CodependencyApr 22, 2023
"You may have a tiny bit of co-dependency."
“Codepency” has become a normal term in our culture’s vocabulary. We use it to reference addictions and relationships, sometimes too flippantly. When true codependency occurs, it can be especially dangerous, causing one to lose himself or herself, becoming vulnerable to real threats and even death.
When it comes to relationships, codependency can strip away one’s identity. For those in the relationship, this can be difficult to see, but its effects will begin to become apparent, leaving your relationship feeling unsupported and stagnant. Here are some telltale signs you might be in a codependent relationship.
Sign #1: You can’t make a decision without your partner
Of course, making big decisions in a relationship requires both partners’ input and agreement. However, if you cannot make a small choice without gaining your partner’s approval, you may be in an unhealthy situation. You may need affirmation on every single decision because you aren’t confident. Or perhaps your partner requires or expects you to run everything by him/her. Whatever the case may be, you are not able to express yourself, which in turn, prevents you from growing as a person. Letting others decide for you is a form of disrespect because your partner is essentially saying you are not smart enough or capable enough to make decisions for yourself.
Sign #2: You cannot do anything without each other
When you first start dating, there is this natural desire to want to be around your partner all the time. The relationship is new and exciting, and you get a high from being around each other. However, when you cut out other people in your life and have time and space only for your partner, you may be in a codependent relationship. If you solely rely on your partner for fun, entertainment and have no friends or meaningful connections outside of your relationship, this is a major indicator of codependency. Having friends and hobbies that are your own is perfectly healthy and should be encouraged.
Sign #3: Saying “no” causes fear and anxiety
If your identity is connected with your partner, causing displeasure, tension, or disappointment may be devastating to you. You may feel like if you upset your partner or tell him/her “no,” you will no longer receive the love and support you have come to depend on. It is perfectly okay to tell your partner “no.” That is expressing your needs, wants, and desires; it is a form of self-assertion. If you have intense fear of telling your partner “no,” you are likely in an unhealthy situation.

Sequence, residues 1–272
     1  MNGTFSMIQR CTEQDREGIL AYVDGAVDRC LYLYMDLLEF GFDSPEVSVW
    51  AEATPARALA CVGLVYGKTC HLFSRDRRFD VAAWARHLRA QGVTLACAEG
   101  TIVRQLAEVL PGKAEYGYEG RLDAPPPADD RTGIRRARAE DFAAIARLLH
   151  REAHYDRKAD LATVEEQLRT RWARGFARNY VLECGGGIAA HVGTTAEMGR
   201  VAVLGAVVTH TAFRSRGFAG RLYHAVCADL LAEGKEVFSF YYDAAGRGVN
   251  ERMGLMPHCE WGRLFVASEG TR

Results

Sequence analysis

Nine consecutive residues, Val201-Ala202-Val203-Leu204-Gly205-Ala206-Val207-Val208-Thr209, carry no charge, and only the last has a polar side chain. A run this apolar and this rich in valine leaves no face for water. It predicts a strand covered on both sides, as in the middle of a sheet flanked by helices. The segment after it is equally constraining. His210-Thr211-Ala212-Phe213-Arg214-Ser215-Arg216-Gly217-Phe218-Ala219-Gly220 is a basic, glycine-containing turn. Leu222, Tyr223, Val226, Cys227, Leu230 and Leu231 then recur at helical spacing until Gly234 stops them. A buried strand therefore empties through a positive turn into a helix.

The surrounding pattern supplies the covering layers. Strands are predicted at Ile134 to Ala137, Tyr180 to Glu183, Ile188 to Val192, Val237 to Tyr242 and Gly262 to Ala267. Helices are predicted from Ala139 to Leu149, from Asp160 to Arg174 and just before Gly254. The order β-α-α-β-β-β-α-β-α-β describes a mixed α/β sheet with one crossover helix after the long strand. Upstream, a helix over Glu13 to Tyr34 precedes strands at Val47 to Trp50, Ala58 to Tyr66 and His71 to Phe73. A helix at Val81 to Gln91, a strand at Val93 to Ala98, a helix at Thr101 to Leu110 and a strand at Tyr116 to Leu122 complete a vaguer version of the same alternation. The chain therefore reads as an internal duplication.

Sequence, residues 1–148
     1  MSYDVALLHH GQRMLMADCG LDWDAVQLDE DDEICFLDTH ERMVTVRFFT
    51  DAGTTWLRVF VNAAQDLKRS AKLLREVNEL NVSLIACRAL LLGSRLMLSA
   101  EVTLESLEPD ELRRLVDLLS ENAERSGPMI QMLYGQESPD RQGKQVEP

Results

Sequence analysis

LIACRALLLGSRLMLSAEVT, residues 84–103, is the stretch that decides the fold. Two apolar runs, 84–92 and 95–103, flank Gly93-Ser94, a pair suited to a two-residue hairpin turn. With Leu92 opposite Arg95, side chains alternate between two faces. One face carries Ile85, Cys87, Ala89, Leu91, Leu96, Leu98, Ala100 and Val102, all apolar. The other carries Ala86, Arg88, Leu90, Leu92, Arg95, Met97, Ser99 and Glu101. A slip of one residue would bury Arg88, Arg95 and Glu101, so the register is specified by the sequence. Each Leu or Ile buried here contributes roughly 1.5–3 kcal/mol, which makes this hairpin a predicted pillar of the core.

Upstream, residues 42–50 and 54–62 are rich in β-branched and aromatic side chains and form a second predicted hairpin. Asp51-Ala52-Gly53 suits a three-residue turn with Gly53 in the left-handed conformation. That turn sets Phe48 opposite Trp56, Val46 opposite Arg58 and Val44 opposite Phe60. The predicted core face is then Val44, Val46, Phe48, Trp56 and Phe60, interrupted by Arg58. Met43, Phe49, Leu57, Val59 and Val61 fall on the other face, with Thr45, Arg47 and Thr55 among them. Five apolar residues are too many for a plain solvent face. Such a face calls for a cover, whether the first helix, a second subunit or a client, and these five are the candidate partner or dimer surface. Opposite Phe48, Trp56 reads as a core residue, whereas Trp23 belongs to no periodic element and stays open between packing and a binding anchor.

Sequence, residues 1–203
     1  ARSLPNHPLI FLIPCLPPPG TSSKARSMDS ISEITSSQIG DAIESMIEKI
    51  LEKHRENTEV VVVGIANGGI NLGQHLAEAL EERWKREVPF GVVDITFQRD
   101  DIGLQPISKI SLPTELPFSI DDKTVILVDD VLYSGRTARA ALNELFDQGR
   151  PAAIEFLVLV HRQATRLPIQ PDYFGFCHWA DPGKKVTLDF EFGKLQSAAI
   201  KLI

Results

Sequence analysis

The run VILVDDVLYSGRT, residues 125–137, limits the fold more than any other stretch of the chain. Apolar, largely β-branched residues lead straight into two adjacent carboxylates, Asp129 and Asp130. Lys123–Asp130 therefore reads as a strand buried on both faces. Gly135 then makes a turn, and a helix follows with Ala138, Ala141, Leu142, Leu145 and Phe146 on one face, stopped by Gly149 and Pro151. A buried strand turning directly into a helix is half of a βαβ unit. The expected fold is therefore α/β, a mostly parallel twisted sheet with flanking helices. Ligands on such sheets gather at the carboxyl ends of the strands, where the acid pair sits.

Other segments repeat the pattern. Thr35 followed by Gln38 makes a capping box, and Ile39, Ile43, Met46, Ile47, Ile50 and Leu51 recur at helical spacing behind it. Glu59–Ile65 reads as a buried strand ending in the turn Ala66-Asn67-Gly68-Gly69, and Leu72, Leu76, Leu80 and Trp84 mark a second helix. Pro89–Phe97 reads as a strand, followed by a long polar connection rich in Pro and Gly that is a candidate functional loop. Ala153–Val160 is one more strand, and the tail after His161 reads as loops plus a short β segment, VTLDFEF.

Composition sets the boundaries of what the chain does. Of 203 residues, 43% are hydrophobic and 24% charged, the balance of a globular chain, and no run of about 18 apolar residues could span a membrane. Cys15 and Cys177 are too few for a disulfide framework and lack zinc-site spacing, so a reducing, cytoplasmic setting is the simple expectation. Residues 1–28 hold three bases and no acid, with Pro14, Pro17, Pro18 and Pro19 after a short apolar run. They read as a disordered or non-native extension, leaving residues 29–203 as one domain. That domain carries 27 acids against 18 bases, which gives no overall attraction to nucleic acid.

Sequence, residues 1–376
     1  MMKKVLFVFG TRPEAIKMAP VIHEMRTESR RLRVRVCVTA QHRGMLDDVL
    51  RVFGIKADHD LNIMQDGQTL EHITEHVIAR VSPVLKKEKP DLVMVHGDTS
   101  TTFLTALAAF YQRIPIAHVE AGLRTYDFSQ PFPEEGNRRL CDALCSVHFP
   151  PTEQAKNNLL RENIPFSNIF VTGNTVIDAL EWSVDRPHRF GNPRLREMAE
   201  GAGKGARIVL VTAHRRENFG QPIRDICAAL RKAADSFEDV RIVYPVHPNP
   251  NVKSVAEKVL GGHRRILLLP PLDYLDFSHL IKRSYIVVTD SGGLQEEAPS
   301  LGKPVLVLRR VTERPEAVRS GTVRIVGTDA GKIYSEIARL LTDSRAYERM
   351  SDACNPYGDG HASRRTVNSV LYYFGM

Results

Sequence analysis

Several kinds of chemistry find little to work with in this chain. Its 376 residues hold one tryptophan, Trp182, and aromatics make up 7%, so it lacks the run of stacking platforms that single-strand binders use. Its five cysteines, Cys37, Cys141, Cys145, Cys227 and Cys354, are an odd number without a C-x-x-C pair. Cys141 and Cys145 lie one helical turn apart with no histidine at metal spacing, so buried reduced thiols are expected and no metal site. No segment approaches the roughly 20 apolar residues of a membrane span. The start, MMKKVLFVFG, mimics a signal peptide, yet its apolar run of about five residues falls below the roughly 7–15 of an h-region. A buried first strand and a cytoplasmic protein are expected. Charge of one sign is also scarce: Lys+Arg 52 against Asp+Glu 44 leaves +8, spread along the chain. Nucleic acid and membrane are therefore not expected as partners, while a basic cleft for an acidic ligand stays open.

Sign #4: You take responsibility for what your partner does
Feeling completely personally responsible for your partner’s actions is not normal or healthy. This may leave you in a constant state of guilt and shame. You may even find yourself making excuses for your partner to your friends and family. This is a sign of codependency; you cannot control others, and their actions do not reflect you.
If you identify with any of the signs listed above, you can still save your relationship! All it takes is a little rewiring, rethinking, and changing. It is possible to transform your codependent relationship into a healthy one.
- You are perfectly able to make your own decisions. After all, you chose to be with your partner; no one forced you to. Therefore, abstain from asking for your partner’s input on every little thing. You may find that your partner also feels relieved because he/she isn’t feeling the pressure to help you make the “right decision.”
- You have to retain your identity outside your relationship. This means you should do things you enjoy, spend time with your friends–without your partner. After all, “absence makes the heart grow fonder.
- Saying “no” to your partner out of fear of abuse should be addressed with professional help. If you are afraid to say “no” because you believe doing so will lose your partner’s love, you should remember that you are a human worthy of dignity and respect. You don’t need someone else’s approval to hold your head high.
- You can only control yourself. Therefore, it is irrational to think that you can control what someone else does and even more irrational to take personal responsibility for what someone else does. You and your partner are adults who can make decisions for yourselves and reap the consequences of those decisions.
You are not the only one to experience codependency in a relationship; it is more common than you think, but that doesn’t detract from the seriousness of it. With a little help, you can end codependency and enjoy a happy, healthy relationship.